Modeling EQ behavior is another way to teach it, especially to students in their teenage years. Teen treatment company Paradigm Malibu says teachers can show teenagers what it looks like when someone manages and talks through their emotions in a healthy way. When kids see an example of behavior they can copy, they’ll be more likely to incorporate it into their own lives.
Teachers can also help students understand how to process and reflect on their emotions before acting on them.
Author of EQ, Applied, Justin Bariso says one approach is for a person think about what they want to say before they say it. In that pause, they can ask themselves questions such as “how will my response affect my relationship to this person?” and “will I regret saying this?”. Formulating a response in this way keeps it from being a knee-jerk reaction to high emotions. Teachers who see a student getting visibly upset can intervene in this moment and ask them to step back and take a moment.
Using Storytelling to Teach Emotional Intelligence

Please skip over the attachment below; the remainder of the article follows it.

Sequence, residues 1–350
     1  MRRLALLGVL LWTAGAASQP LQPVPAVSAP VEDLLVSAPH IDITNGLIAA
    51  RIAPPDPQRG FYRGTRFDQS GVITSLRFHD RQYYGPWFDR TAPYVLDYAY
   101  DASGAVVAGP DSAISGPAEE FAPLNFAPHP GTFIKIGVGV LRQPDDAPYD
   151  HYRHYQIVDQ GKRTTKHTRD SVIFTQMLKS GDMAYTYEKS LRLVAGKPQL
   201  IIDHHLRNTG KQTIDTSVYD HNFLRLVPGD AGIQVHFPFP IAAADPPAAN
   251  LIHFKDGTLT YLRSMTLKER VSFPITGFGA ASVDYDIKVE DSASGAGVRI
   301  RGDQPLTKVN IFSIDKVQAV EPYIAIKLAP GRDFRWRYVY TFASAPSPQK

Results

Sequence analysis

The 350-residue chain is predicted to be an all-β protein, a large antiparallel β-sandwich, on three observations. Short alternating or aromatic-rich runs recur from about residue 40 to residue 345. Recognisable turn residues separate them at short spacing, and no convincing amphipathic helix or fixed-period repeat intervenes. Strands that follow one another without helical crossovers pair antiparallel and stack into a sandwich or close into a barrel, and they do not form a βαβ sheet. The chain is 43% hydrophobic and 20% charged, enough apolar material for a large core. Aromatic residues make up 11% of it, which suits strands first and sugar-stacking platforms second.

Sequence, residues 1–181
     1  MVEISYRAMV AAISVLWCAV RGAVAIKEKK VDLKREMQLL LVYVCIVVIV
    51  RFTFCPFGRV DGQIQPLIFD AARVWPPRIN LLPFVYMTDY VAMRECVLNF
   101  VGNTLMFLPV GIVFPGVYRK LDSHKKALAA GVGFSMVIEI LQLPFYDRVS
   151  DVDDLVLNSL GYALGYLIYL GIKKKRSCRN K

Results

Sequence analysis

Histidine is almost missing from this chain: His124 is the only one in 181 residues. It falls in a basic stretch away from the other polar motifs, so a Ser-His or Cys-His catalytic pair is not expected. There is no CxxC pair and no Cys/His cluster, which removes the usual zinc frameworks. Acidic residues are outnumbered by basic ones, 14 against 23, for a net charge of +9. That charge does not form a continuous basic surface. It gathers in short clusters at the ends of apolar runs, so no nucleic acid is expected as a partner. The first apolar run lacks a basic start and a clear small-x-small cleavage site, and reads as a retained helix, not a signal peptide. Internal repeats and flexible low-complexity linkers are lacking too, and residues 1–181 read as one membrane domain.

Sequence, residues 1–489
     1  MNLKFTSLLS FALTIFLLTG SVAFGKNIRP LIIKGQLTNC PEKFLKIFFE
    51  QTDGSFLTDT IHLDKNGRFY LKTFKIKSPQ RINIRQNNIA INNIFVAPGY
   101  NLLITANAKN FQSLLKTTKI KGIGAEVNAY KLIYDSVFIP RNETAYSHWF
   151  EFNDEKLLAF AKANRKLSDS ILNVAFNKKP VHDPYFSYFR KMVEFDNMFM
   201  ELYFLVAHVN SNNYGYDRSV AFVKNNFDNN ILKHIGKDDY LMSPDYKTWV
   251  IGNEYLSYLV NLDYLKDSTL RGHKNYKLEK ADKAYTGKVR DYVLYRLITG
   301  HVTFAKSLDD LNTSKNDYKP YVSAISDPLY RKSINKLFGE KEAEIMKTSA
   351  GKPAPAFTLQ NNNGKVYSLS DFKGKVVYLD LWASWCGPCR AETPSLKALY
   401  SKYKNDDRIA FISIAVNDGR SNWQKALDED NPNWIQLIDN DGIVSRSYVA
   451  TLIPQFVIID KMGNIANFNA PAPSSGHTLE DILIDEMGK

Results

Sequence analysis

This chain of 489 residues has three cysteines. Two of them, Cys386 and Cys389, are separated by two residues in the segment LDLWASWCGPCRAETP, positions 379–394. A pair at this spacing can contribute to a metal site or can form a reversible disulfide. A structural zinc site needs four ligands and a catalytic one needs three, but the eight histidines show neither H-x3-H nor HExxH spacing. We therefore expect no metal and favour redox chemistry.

Movies and books also offer examples of how people work through their emotions.
One of the best modern stories about emotion is Inside Out. This animation film, which follows characters that represent a young girl’s emotions, offers an intricate, yet approachable look at what it means to understand feelings. Mary Ryerse, director of strategic design at learning design firm Getting Smart, provides 12 tips for how this movie can be used to teach emotional intelligence. One of these is to have students reflect on emotions and memory through writing, similar to how the character Riley processes her feelings about certain memories.
Educational psychologist, speaker and author Michele Borba includes Inside Out on her list of movies that teach crucial empathy habits. Younger students can also see animated films like Pinocchio, Dumbo, Shrek and Charlotte’s Web while middle and high school students will find lessons in moral courage, kindness and self-regulation in classic films such as Forrest Gump, The Secret Garden, The Sand Lot, and Harry Potter.
True stories serve as foundations for emotional intelligence conversations too. Anabel Jensen, Ph.D., founding president of the EI network Six Seconds, says the story of zoologist Grace Wiley, who specialized in reptiles, is one of her favorites. While tragic, this true account shows the importance of being trained in emotional intelligence. Jensen’s interpretation also serves as a model for how other educators can illustrate emotional intelligence.